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Drug courts' effects on criminal offending for juveniles and adults

Additional Info

  • Authors: Ojmarrh Mitchell, David Wilson, Amy Eggers, Doris MacKenzie
  • Published date: 2012-02-02
  • Coordinating group(s): Crime and Justice
  • Type of document: Review, Plain language summary
  • Library Image: Library Image
  • See the full review: https://onlinelibrary.wiley.com/doi/10.4073/csr.2012.4
  • Records available in: English, Spanish
  • English:

    PLAIN LANGUAGE SUMMARY

    Drug courts: more effective in reducing drug use and reoffending in adults than juveniles

    Drug courts monitor drug-involved offenders’ abstinence from drug use through frequent drug testing and compliance with drug treatment programs. These courts are effective in reducing future offending and drug use (recidivism) for adults, but not for juveniles.

    What did the review study?

    Drug courts are an alternative to the traditional justice system. Drug-involved offenders are offered entry into drug court with an agreement that the charges against them will be reduced if they complete a treatment program.

    Participants’ adherence to the program is monitored by the court. Various rewards (e.g., praise, tokens of achievement, movement to the next phase of the program) and sanctions (e.g., increased treatment attendance or urine testing, short jail stays) are used to compel compliance to program requirements.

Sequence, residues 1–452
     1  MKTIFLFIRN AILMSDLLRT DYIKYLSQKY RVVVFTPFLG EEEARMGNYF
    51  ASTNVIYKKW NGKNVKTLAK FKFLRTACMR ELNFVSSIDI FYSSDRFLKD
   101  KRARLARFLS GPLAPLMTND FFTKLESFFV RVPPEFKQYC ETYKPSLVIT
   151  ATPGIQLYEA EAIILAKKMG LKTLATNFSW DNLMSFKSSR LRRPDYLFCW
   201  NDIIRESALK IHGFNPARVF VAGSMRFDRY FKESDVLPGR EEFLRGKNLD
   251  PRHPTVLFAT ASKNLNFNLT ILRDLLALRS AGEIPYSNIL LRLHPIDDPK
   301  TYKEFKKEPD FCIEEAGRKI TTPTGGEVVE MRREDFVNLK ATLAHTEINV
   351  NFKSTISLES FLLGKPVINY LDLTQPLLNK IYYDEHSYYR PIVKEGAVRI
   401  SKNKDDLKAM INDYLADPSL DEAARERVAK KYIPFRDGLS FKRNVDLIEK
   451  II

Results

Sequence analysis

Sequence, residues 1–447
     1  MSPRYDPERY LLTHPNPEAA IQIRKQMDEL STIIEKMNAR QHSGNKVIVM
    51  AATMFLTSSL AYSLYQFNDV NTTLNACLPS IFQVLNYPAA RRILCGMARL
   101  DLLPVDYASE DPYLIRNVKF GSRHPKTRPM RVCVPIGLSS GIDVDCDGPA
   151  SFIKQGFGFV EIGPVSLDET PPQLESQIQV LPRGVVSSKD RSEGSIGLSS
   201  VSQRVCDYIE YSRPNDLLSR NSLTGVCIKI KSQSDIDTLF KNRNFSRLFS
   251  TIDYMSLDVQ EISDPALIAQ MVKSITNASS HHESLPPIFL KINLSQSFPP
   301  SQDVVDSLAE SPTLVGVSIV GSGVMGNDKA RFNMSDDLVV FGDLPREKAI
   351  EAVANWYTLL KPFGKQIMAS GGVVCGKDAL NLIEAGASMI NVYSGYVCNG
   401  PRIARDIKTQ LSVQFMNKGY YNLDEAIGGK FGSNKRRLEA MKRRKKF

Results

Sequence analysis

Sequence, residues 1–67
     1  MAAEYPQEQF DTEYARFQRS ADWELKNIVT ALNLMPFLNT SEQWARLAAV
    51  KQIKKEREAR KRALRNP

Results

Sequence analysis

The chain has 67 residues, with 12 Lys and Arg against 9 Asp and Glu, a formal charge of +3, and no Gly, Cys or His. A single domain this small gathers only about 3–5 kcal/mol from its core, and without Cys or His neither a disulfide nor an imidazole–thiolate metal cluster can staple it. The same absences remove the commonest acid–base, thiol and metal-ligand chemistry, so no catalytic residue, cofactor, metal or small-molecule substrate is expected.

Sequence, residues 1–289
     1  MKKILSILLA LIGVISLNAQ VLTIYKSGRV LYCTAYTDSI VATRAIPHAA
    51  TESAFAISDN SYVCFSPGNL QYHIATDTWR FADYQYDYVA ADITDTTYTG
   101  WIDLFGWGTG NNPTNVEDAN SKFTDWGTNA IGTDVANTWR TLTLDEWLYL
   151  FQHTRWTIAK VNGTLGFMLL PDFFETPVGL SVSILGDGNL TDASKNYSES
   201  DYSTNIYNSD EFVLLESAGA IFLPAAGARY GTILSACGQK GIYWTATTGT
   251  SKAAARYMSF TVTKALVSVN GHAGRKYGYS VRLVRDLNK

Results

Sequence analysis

This review examines the effectiveness of drug courts, including drug courts for juvenile and drunk driving (DWI) offenders, in reducing recidivism compared to the standard justice system. The review critically assesses these courts’ effects on recidivism in the short and long term. It also assesses the methodological soundness of the existing evidence, as well as the relationship between drug court features and effectiveness.

    What studies are included?

    Included studies are evaluations of drug courts that used an experimental and quasi-experimental comparison group design. Studies must also have had an outcome that examined criminal or drug-use behavior (recidivism).

    A total of 154 studies were included in the review which, of which 92 focused on adult drug courts, 34 on juvenile drug courts, and 28 on drunk driving courts.

    What are the main results in this review?

    There is a large, significant mean average effect from both adult and DWI drug courts. Overall, recidivism rates were just over one third (38 per cent) for programme participants, compared to half (50 per cent) for comparable nonparticipants. This effect endures for at least three years.